4 Must-Try Sparkling Wines for 2012

Ring in 2012 with some high-quality bottles that don't break the budget

Champagne
The tall shape of this classic, elegant glass keeps bubbles from dissipating, while the tapered rim focuses the drink's bouquet to the nose.
Michael Kraus

I've toasted with multiple bottles of Champagne at a dress-up house party in Brooklyn, and I've downed prosecco for courage before tobogganing down a ski lodge slope. But no matter where I wind up on New Year's Eve, my celebration always calls for a little sparkling wine. The evening doesn't feel festive until we break out the fluted glasses, add rapidly rising bubbles, and mix with giddy glee. Here are four reasonably-priced sparkling wines to share — wherever you wind up ringing in 2012.

Zonin Prosecco ($15)

As Lorenzo Zonin of the Zonin family described it, this is a "wine of pleasure." A simple, refreshing sparkler, the Zonin Prosecco has a delightful hint of green apple on the nose and palate, without any hint of sweetness that you so often find in other mass-produced Proseccos.

Contadi Castaldi Franciacorta Brut ($25)

Dry, clean, and crisp, this sparkling wine from Franciacorta in Italy's Lombardy region is made from a blend of Chardonnay, Pinot Noir, Pinot Gris, and Pinot Blanc. It is a light, young, fresh wine, characterized by notes of pear and stone fruit, with a little hint of spice on the finish.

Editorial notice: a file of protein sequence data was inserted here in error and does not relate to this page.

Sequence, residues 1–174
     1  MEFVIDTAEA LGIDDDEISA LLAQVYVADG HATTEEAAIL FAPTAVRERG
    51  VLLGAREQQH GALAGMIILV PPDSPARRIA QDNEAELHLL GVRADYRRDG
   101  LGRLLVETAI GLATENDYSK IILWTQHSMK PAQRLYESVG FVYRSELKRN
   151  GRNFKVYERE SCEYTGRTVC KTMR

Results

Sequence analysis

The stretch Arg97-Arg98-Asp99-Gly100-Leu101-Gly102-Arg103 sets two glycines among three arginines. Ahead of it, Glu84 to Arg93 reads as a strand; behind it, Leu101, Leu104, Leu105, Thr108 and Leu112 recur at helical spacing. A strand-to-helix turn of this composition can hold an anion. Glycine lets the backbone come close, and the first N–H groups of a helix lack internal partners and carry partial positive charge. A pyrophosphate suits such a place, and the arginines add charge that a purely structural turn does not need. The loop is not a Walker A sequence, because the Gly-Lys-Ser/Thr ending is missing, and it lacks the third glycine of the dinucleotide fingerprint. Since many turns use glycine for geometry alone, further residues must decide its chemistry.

Taittinger Cuvee Prestige Rose ($47)

This salmon-colored rose, a blend of Pinot Noir (70 percent) and Chardonnay (30 percent), is a very well-balanced bubbly. All of the components — the ripe red fruit, floral, and citrus notes; the slight flavor of yeast that is so characteristic of Champagnes; the steely minerality — come together elegantly, with no element overpowering another. Its delicate bubbles, or mousse, linger from start to the very long finish, braced by the wine's lovely acidity.

Gosset Grande Reserve ($60)

Gosset makes some of the most elegant, restrained Champagnes I've ever tasted. The house refrains from any use of malolactic fermentation, so it avoids the weight that oak might impart. The Grande Reserve is vibrant, its very delicate, airy mousse singing from the glass, and the lightness extends to the nose, with hints of marzipan and floral sweetness. The depth and maturity of this wine emerge on the tongue with full-bodied force, with flavors ranging from candied fruits to roasted chestnuts. Excellent for any traditional New Year's meal or elegant toast.